California Lutheran University's Student Newspaper Since 1961

The Echo

California Lutheran University's Student Newspaper Since 1961

The Echo

California Lutheran University's Student Newspaper Since 1961

The Echo

    Cal Lu Students, Faculty Reflect on Devastating Ventura County Fires

    It’s been two months since the Thomas Fire burned its way into the history books as California’s largest wildfire in modern history. The fire, which started in Santa Paula and expanded due to Santa Ana winds, set ablaze large portions of the Ventura County. The fire burned over 281,900 acres of land, destroyed 1,063 structures and damaged another 280, according to the U.S. Forest Service.

    Matthew Fienup, economics professor and executive director of the Center for Economic Research and Forecasting at Cal Lutheran, is a Ventura resident. In a routine drive along the coast of nearby Faria Beach, he recalled seeing the Faria Ranch Palm Tree Farm up in flames.

    “It wasn’t just on fire, it was gone. It had entirely burned down,” Fienup recounted in an interview with the Huffington Post.

    Sophomore water polo player Taggart Diehl and his family lost their Ventura home to the fire. Members of the Cal Lutheran community rallied around the aspiring fireman by launching a GoFundMe page on behalf of his family, raising over $6,611 in a campaign that set a goal of $5,000.

    In a separate Thomas Fire Donation Drive set up by friends of Taggart, the Cal Lutheran community gave three trucks full of donations to the Red Cross in Ventura.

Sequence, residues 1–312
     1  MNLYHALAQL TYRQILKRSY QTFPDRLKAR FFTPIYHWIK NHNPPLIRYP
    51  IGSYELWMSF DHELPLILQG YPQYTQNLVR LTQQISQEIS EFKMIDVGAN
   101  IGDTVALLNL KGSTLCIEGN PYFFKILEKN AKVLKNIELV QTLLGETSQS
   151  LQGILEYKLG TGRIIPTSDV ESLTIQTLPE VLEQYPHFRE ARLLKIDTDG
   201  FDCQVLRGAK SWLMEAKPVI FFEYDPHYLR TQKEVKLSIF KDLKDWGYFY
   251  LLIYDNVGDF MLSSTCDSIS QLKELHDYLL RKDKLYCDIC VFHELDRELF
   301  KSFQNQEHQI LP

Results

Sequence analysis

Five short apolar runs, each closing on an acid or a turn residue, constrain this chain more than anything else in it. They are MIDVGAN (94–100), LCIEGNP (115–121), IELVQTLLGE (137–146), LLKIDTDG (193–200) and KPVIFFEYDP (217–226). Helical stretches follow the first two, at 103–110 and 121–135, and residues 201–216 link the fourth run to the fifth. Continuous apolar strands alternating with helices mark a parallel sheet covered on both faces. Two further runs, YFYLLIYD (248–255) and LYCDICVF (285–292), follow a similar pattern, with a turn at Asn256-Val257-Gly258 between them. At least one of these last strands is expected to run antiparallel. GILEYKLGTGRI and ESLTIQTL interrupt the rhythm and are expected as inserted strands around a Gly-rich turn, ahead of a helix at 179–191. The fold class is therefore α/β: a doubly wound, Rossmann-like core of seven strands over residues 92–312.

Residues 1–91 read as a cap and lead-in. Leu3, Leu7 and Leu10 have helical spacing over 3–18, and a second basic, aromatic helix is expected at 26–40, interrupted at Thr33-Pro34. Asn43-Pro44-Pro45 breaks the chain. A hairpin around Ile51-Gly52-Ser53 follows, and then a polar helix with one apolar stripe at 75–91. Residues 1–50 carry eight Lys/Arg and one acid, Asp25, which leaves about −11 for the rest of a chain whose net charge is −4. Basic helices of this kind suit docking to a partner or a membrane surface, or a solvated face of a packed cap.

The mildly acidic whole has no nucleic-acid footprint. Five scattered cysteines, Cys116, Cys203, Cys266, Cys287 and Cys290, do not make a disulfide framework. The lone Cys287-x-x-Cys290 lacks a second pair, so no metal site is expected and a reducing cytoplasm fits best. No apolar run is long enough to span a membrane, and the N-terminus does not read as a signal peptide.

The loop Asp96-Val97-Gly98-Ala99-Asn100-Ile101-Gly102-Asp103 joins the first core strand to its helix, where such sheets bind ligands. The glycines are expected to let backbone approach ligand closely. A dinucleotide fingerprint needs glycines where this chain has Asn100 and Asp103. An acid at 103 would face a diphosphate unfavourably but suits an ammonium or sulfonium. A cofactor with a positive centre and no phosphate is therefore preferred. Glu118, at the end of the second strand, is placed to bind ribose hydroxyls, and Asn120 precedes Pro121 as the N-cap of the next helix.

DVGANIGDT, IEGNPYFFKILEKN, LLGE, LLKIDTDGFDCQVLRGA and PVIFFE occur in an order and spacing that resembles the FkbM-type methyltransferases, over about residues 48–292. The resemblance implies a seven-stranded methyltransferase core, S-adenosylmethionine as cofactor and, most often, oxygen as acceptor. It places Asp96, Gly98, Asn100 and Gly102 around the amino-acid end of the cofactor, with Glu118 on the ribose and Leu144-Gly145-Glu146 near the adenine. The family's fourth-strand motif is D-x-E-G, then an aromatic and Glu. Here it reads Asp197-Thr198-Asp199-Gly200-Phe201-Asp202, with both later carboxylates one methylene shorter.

Michael Felix, manager of the Follett-owned bookstore that leases space at Cal Lutheran, looked for ways he could help with fire relief efforts. In a meeting with Follett’s upper management, the company settled on an idea that would allow students to add donations of either $1 or $5 to their purchases in the store.

    Campus store employee Teri McKeehan said the donations were “fair, but inspiring.”

    Cal Lutheran junior Morgan Towner was studying abroad in Sweden while her family was forced to deal with the ramifications of the sweeping fire.

    “I was in Sweden on the buses, and there was my mom’s apartment showing up on TV,” Towner said. “I told my dad to go look at my mom’s apartment because my mom was in Mexico, but by the time my dad got there, the fire just got to it.”

    Towner’s mother’s apartment in the Harbor View Villas in Ventura was one of the apartment complexes that completely burned to the ground. Towner said it was difficult being away because she “couldn’t comprehend what was going on,” but credits her friends for helping her to make it through.

    “I wish I would have been home just to be there with my friends and family,” Towner said. “I just remember all my friends always sending me SnapChats like, ‘Okay, next round of waters,’ and I wish I was there to help them with that.”

    Jordan Frazier, a native of Ventura and junior at Cal Lutheran, is an employee at Whole Foods in Oxnard. He said water was “flying off the shelves” in stores around the area.

    “Much of Ventura was advised to boil tap water before drinking it,” Frazier said. “So we were running low on water because people were coming in and buying tons of bottled water.”

    Though the Thomas Fire forced evacuations for members of the Cal Lutheran community, the fire never posed any immediate threat to the university’s Thousand Oaks campus. However, poor air quality forced the Los Angeles Rams to move their regularly scheduled Wednesday afternoon practice from their field on the northwest corner of campus into the Gilbert Sports and Fitness Center for an indoor walk-through.

    “If there’s anything this fire can teach us, hopefully it’s that you just always have to be prepared and ready to go on a minute’s notice, because no matter where you are, you never know when something like that can happen again,” Frazier said.

    Jake Gould